What, then, is the real story behind the Tale of American Culinary Transformation? For me, it’s a tale of education and institutionalization. In France such gourmets-to-be as Child and Jones learned about foods of whose existence they’d barely been aware, even though many of their compatriots already dined on such delicacies. Then, in an effort to analyze the nature of these new dishes, they began what did in fact become a transformative process: they wrote in detail—or edited books—about what they had learned. As educators, they were extraordinarily influential at a time when many Americans were ready to change—notably when the conservatism of the ’50s began to wane and the consciousness-expanding ’60s opened many minds to new ways of thinking.
Jones focuses on the details of this pedagogical process throughout The Tenth Muse as she recounts her editorial wheelings and dealings with great chef teachers and tells stories of her own progress as a cook and connoisseur. There are wonderful scenes with Julia, for instance. At one point, the American “French Chef” complains bitterly about her French collaborator Simca (Beck): “I will not be treated like dog Tray anymore,’’ she cries, alluding to Stephen Foster’s song about his ever-faithful old dog Tray. And her husband, Paul, cheers. In another episode, Jones joins the Childs at a Chinatown dinner where, because “Chinese cooking was their second love,” the Childs—both sophisticated chopstick wielders—dig in so passionately that they don’t notice that Julia’s editor is going hungry.
Speaking of Chinatown, the Chinese-American cookbook writer Irene Kuo helps Jones understand the need to convey such methods of cooking as slithering, exploding, plunging, purifying, smothering, mating, nestling, capturing, choking, flavor-potting, light-footing, sizzling, rinsing, scorching, drowning, wine-pasting, and intoxicating. Finally, after coming to terms with her own snobbery about American cuisine, Jones herself begins to read our “food story as a way of uncovering interesting aspects of our social history.” Supporting her throughout this steep learning curve is her culinarily adept husband, Evan, who (in the flesh and in the spirit) inspires her to stew squirrels, braise beavers, and otherwise push the gastronomic envelope.
Still, given Jones’s version of TACT, what did it mean for me and other children of immigrant families when Julia Child and her cohort began to preach the gospel of la bonne table? I’d say that the growing celebrity of Julia, Marcella, and others allowed us to affirm the excellence of our various ethnicities. If we’d tried to become more American—my mother had yearned for lamb chops and I had, if only briefly, sought tuna casseroles—we no longer needed to. What we’d known intuitively and experientially was now returned to us in the lucidly organized prose of accomplished writers.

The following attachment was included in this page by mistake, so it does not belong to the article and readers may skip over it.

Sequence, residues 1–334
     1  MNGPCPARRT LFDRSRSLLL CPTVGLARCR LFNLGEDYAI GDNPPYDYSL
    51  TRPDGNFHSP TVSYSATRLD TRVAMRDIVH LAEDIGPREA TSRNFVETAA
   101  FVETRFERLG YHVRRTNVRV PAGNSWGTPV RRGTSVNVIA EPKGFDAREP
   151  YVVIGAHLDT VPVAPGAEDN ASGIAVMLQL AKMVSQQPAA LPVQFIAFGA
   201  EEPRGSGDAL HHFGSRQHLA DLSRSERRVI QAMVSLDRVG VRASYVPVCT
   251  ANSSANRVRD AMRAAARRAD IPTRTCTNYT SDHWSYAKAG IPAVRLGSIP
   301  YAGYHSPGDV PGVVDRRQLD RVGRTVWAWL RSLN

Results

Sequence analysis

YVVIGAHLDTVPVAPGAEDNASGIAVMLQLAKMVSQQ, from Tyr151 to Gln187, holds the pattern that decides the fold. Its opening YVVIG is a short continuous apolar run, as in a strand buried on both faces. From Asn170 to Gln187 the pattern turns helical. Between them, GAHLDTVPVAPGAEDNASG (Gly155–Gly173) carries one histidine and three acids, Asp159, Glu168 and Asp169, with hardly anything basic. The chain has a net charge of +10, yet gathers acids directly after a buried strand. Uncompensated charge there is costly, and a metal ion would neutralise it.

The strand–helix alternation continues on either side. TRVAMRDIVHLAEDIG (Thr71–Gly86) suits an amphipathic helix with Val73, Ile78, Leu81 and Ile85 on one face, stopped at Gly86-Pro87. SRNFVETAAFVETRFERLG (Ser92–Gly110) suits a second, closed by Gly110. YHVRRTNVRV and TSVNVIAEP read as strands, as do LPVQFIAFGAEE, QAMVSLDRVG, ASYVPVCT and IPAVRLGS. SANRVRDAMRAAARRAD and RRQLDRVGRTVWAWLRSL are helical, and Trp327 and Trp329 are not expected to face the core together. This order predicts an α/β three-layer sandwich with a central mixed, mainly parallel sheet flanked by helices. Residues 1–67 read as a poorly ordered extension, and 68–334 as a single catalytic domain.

To be sure, we’d always had cookbooks of our own. In 1958 I began my married life with The Talisman Italian Cookbook (1950) by Ada Boni and a range of other volumes, including (among non-Italian collections) Dione Lucas’s Cordon Bleu Cook Book (1947), of which my husband was a particular fan, and Edward Harris Heth’s marvelous compendiums of seasonal recipes, The Wonderful World of Cooking (1956), a work that emphatically proved the strengths of traditional American cuisine. Oddly, Jones dismisses books of this era, defining the period as a “wilderness” in which authors of such compendiums “boasted of the number of recipes they had crammed between the covers [because who] cared about the quality of the instruction”? But though I’m offended by this judgment of writings I love, I have to concede that when Julia and Marcella and the other authors featured in The Tenth Muse became influential, their productions had a far greater reach than those of their precursors. Now everybody wanted to eat the way we immigrant families had always eaten.
And we too learned to love and honor our ancestral kitchens in new ways. In her seventies, my mother (who died at 97) began to re-imagine some of the Italian recipes she’d renounced in her earlier efforts to become American: escalore in bròdo, marinara sauce, Sicilian sausages roasted with lemons. The culinary revolution that’s at the center of the gastronomic transformation Judith Jones helped foster had reminded my mom that, after all, those dishes were American too.